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TOPIC: Register: Formal vs. Informal English

Register: Formal vs. Informal English 3 years 11 months ago #7584

  • Chuck OysterCafe
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Register: It’s not what you say, but how you say it.

Using English is not just a matter of memorizing a list of words and a bunch of grammar rules (as many teachers would have you believe); it is also about understanding language use in context (i.e. understanding pragmatics and register).

In this post we are going to look at some of the varying levels of formality one could use to suit different contexts.

Registers: A Brief Overview

High formal
You would use this register in very formal occasions, for example to address the Queen, to speak to a nation’s president, or when talking to a distinguished member of society.

1. Good afternoon, Mr. Smith. Thank you for joining us today.
2. It is a pleasure to meet you, Mr. Smith. Thank you for your wonderful talk.

When you speak or write to your boss, a client, or a professor you would probably use this register. This register is often used to show respect to the person you are addressing. You can use formal register by using correct titles (e.g. Mr., Mrs., Dr.) and more polite greetings and salutations (e.g. Good afternoon…, It is an honor to meet you…, Thank you for your time…).

You will notice there is not a lot of difference between high formal and formal registers; however when using the formal register you might use more contractions and change to less formal language as your meeting progresses.

1. Good afternoon, Mr. Smith. Thank you for meeting with me.
2. It‘s a pleasure to meet you, Mr. Smith. And thank you for such a wonderful talk.

This register is probably the most common register and is used in report writing, business meetings, and when meeting new people in social situations. When speaking, this register may include the use of slightly informal words and phrases as a way of building rapport with people, or as a way of making communication more relaxed. Steve Jobs often used a neutral register during his presentations.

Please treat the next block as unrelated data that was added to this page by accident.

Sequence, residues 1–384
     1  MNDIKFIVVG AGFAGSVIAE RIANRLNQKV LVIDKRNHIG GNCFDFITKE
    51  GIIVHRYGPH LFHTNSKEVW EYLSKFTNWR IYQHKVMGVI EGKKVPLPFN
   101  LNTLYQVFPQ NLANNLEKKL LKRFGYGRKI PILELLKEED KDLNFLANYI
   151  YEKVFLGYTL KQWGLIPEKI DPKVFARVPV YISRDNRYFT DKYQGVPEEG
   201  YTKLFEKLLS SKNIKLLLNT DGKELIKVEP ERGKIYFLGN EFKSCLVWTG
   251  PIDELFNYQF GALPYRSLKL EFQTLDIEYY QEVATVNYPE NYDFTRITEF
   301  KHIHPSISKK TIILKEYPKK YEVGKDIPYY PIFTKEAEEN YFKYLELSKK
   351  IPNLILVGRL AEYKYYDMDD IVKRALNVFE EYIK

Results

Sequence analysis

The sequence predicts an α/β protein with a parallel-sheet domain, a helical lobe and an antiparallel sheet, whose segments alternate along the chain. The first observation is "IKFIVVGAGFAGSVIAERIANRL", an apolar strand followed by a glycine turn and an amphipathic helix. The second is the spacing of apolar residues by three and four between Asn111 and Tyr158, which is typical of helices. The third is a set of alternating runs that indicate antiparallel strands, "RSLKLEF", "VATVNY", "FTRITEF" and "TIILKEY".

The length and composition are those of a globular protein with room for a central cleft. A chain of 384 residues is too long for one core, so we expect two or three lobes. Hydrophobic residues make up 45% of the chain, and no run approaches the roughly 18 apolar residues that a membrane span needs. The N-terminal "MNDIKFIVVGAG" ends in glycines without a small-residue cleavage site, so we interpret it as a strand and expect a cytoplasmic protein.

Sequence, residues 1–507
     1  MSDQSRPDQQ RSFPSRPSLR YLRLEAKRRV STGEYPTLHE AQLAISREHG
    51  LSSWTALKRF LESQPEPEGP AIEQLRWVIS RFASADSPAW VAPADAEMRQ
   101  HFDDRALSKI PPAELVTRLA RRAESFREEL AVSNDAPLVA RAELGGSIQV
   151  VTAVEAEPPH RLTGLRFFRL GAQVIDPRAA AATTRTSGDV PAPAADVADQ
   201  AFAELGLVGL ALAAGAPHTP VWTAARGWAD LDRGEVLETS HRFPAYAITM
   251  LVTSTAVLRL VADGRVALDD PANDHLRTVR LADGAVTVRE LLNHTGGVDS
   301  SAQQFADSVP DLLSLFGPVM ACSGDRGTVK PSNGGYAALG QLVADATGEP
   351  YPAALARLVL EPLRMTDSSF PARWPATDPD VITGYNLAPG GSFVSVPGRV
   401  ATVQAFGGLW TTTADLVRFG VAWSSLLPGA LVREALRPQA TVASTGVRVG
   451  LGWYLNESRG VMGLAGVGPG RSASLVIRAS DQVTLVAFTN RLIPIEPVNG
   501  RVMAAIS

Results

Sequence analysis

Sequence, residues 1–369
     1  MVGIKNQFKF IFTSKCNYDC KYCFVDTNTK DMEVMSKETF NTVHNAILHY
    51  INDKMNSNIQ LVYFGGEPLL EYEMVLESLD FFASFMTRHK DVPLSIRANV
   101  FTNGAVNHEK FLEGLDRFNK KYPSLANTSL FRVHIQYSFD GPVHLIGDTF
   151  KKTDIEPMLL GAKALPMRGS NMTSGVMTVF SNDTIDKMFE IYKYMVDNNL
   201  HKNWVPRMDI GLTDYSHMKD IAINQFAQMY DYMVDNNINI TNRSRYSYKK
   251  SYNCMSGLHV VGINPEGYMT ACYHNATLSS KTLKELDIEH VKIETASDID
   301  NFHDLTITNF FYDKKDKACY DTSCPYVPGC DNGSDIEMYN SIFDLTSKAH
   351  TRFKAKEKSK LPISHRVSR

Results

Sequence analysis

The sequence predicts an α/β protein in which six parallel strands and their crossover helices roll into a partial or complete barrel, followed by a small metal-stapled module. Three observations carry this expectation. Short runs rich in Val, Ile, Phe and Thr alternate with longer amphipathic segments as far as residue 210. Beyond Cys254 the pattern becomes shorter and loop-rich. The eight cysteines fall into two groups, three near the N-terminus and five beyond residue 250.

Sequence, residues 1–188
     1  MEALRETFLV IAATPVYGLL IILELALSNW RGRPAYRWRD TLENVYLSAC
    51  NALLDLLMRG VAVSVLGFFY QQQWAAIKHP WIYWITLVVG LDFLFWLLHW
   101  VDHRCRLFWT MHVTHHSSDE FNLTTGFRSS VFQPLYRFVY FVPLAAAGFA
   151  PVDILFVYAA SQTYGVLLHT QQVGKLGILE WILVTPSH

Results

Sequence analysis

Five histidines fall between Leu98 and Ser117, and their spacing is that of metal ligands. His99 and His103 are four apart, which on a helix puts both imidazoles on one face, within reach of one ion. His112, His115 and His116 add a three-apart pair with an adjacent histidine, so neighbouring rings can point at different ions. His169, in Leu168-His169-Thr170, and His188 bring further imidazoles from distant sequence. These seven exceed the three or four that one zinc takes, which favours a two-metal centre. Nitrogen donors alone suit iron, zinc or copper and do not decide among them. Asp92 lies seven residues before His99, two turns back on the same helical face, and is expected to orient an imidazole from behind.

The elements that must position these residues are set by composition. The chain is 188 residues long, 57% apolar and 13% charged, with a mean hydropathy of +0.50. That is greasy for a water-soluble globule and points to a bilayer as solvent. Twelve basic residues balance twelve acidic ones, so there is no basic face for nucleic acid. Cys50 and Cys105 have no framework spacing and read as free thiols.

With the neutral register you will notice more contractions and conjunctions (e.g. and, but, if) being used. You might also notice first names are used more often than family names.

1. Hi John/Mr. Smith. Thanks for meeting with me. What a fantastic day.
2. It‘s great to meet you, John/Mr. Smith. Thanks for giving such a wonderful talk.

People generally use an informal register when you communicate with friends, family members, or people you are close to. With this register people often use more informal language, have lazier pronunciation (e.g. gonna, wanna), and use structures often associated with descriptive grammar.

1. Smithy. How’ve ya been? Not seen you in a while.
2. It‘s great to see you, John. That talk was awesome! Well done, buddy.

Important Note
Communication is very rarely conducted in only one register. You might start off speaking to your boss and co-workers in a more formal register, but as you get more comfortable you might find yourself speaking in a more informal register.

Thinking Point: It is important to remember that the context of communication (i.e. who are you communicating with, where, and why) should dictate the style of language you use in any given situation.

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Last edit: by Chuck OysterCafe.
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